Menu Shopping cart
Your basket is empty.
Support us


Exhibitions and Projects
Revelations | 1 Jun. 2023 – 6 Sep. 2023

Revelations: House Altar of the Annunciation - provenance and date of creation

As part of its presentation of older visual art in Slovenia, the National Gallery exhibits, among other objects, the House Altar of the Annunciation, a work by an unknown carver from the late 17th century. The piece is presented in the Exhibition Hall 2 of its Permanent Collection. The style of the art points to the 17th century: the strong upward momentum, the figures on the consoles with distinctly mannerist proportions, the lace ornamentation of the altar crown, the volute motifs on the sides of the central section and the small ornamental arrays (a rod motif, a diamond motif and an egg, in various combinations) which decorate the frame of the central section of the completely dematerialised altarpiece.

The miniature Early Baroque altarpiece is a sophisticated piece of carving of Central-European origin, which was most likely primarily used for private devotion of a wealthy client. We are unlikely to find out the identity of this person. No unbroken provenance is recorded.

We do know, however, that this house altar was part of the rich collection of antiquities of Baron Hans Karl Kometer (1850–1925), the former owner of the Buchenstein / Pukštajn (Bukovje) manor house, situated on the right bank of the Drava, not far downstream from Dravograd. The owner died without issue, so the estate and the manor house with all its inventory were inherited by his niece, Melita Feldmann (1881–1957), an American citizen, on condition that "nothing may be sold or given away from the castle for 25 years". She and her husband moved from New York to Pukštajn, for which they had bold plans. However, a number of unfortunate business decisions led them into financial difficulties. The owner's legal representative contacted the conservator general of the Drava Banovina, France Stele (1886–1972), and asked him to appraise the collection. In March 1931, Stele inspected the entire inventory and listed and photo-documented the most important objects; he also informed the Banovina administration about the probable public auction and the possibility of enriching the collections of the National Gallery and the Arts and Crafts Department of the National Museum with valuable and important objects from the Pukštajn collection.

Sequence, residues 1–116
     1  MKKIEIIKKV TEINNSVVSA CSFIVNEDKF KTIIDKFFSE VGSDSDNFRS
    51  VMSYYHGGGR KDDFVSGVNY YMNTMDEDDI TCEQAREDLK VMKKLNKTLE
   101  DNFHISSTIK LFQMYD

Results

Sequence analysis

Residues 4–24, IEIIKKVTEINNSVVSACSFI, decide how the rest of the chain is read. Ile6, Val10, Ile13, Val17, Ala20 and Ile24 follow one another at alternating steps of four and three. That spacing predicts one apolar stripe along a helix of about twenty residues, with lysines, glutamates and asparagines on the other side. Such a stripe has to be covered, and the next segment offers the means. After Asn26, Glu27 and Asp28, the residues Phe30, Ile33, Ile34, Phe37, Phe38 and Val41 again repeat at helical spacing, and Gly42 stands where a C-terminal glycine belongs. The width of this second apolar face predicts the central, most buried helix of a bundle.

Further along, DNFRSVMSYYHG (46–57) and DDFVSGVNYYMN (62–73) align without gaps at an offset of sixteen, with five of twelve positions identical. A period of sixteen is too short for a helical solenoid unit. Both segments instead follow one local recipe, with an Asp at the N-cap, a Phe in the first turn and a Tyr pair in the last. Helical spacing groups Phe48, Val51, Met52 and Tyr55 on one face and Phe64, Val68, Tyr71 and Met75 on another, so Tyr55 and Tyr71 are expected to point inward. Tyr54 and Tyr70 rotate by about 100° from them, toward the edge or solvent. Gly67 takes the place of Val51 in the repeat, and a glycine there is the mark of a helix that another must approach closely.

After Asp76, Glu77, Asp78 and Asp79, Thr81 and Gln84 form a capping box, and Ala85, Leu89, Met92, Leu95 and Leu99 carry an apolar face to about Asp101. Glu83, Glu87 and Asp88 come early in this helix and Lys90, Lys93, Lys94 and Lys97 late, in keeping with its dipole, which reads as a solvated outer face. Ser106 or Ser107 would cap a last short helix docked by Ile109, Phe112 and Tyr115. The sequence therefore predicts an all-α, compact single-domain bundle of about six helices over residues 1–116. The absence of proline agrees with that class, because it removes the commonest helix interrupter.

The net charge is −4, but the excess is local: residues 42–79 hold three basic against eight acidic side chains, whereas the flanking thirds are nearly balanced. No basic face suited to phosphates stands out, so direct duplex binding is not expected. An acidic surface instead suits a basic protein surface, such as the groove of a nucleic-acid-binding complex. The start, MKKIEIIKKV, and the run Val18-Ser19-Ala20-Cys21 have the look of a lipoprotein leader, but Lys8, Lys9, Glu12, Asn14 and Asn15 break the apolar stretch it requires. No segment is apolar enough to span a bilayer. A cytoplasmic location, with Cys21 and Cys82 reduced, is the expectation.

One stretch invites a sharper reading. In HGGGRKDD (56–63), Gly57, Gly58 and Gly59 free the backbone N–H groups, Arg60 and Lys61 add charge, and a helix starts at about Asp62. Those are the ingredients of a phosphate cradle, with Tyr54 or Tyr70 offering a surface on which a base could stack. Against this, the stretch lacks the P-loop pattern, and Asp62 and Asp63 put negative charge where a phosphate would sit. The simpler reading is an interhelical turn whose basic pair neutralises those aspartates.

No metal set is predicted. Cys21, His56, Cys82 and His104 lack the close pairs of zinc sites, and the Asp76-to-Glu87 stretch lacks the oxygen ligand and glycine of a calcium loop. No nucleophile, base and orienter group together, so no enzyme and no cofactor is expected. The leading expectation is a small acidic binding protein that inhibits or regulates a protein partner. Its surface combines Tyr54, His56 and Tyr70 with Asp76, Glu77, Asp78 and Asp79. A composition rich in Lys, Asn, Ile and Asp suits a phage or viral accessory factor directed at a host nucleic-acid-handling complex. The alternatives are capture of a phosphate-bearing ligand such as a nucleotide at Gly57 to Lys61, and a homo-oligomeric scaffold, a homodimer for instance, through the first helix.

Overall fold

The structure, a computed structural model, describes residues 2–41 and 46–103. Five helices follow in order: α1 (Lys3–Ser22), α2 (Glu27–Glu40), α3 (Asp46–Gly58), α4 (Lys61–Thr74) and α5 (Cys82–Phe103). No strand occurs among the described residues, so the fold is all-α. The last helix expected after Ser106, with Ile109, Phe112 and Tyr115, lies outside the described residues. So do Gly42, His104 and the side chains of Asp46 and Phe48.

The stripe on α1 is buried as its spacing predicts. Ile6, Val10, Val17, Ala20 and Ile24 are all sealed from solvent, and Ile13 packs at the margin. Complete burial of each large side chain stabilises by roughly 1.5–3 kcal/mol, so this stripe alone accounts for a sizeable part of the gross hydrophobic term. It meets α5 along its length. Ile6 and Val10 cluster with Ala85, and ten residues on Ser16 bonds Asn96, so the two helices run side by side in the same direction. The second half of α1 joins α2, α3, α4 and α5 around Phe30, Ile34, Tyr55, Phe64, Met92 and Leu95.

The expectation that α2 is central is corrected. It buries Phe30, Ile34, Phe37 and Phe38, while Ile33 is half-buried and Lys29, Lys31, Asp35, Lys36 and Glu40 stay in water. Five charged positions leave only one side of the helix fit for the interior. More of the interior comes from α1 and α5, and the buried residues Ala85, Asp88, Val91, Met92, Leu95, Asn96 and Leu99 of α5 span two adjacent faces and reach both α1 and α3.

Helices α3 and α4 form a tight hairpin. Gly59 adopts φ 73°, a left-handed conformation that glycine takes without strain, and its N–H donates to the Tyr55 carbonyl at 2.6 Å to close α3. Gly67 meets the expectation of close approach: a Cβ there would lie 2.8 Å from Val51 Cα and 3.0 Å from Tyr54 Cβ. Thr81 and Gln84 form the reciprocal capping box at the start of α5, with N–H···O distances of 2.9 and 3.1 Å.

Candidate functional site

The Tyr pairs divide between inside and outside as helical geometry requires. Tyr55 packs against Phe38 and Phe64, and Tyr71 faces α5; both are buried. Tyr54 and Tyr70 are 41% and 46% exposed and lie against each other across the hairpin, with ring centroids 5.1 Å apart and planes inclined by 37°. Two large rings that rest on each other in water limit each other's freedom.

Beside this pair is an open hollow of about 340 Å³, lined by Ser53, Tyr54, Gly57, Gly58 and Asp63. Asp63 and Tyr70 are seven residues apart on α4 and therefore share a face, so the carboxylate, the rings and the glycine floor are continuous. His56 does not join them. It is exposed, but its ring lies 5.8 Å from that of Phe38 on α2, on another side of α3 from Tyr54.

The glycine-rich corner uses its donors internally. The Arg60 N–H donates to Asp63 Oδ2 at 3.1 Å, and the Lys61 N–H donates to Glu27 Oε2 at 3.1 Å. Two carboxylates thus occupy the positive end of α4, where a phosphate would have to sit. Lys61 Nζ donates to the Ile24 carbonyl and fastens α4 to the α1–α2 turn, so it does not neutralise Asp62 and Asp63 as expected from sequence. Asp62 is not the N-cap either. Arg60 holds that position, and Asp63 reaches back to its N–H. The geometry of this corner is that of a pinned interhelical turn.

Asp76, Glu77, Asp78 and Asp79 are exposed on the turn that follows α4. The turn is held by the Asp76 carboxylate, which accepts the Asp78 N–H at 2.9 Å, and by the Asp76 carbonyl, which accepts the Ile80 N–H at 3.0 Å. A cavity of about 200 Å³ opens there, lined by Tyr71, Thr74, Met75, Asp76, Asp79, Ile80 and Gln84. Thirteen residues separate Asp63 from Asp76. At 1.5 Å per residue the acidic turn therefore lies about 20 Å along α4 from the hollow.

On 11 November 1931, the Feldmanns declared bankruptcy. Shortly afterwards, Ivan Zorman (1889–1969), then administrator of the National Gallery, carried out an appraisal; his official minutes (preserved by the National Gallery, inv. no. NG D 706-1) reveal a rich and precious collection and the exceptional nature of individual pieces.

From 8 to 17 August 1932, a public auction of the movable property of the Pukštajn mansion took place. At that time, Josip Mal (1884–1978), director of the National Museum in Ljubljana, succeeded in acquiring many of the important objects, with the help of the Chamber of Commerce, Crafts and Industry. Among them was the House Altar of the Annunciation of the Virgin Mary, listed in the valuation report under the number 135 and valued at 6,000 dinars. In the National Museum it was assigned an inventory number NM 10117. In the margins of the entry in the inventory book, a pencil note was later added: NG 514/46. This note refers to the protocol number of the document entitled List of sculptures transferred from the National Museum to the National Gallery for safekeeping, with permission of the Head of Section  for Art and Museums, dated 5 December 1946, where under the number 52 we find inventory number 10117, with the statement 'Altarpiece, wooden relief, polychrome' next to it. The document was signed on 16 January 1947 by the acting director of the National Museum Jože Kastelic (1913–2003), and the director of the National Gallery Ivan Zorman.

The National Gallery later included the house altarpiece in its art collection, specifically in its collection of sculpture, and assigned it the inventory number NG P 75.

Mojca Jenko                                                                                                 

Translated by
Michel Mohor

Presented: Thursday, 1 June, 6 p.m

1 June – 6 September 2023
National Gallery of Slovenia
Prešernova 24
1000 Ljubljana